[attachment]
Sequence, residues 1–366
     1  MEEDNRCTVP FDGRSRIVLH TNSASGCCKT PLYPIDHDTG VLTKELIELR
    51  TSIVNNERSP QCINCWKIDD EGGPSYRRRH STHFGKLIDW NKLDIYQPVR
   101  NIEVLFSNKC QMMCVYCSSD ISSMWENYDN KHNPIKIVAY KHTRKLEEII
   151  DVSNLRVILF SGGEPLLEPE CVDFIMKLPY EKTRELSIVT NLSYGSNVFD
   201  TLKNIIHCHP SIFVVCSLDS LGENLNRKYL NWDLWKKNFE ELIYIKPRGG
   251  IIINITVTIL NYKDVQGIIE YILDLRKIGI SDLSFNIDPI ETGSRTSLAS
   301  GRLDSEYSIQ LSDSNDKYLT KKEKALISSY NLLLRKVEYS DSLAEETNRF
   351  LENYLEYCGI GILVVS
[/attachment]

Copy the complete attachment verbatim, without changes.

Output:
Sequence, residues 1–366
     1  MEEDNRCTVP FDGRSRIVLH TNSASGCCKT PLYPIDHDTG VLTKELIELR
    51  TSIVNNERSP QCINCWKIDD EGGPSYRRRH STHFGKLIDW NKLDIYQPVR
   101  NIEVLFSNKC QMMCVYCSSD ISSMWENYDN KHNPIKIVAY KHTRKLEEII
   151  DVSNLRVILF SGGEPLLEPE CVDFIMKLPY EKTRELSIVT NLSYGSNVFD
   201  TLKNIIHCHP SIFVVCSLDS LGENLNRKYL NWDLWKKNFE ELIYIKPRGG
   251  IIINITVTIL NYKDVQGIIE YILDLRKIGI SDLSFNIDPI ETGSRTSLAS
   301  GRLDSEYSIQ LSDSNDKYLT KKEKALISSY NLLLRKVEYS DSLAEETNRF
   351  LENYLEYCGI GILVVS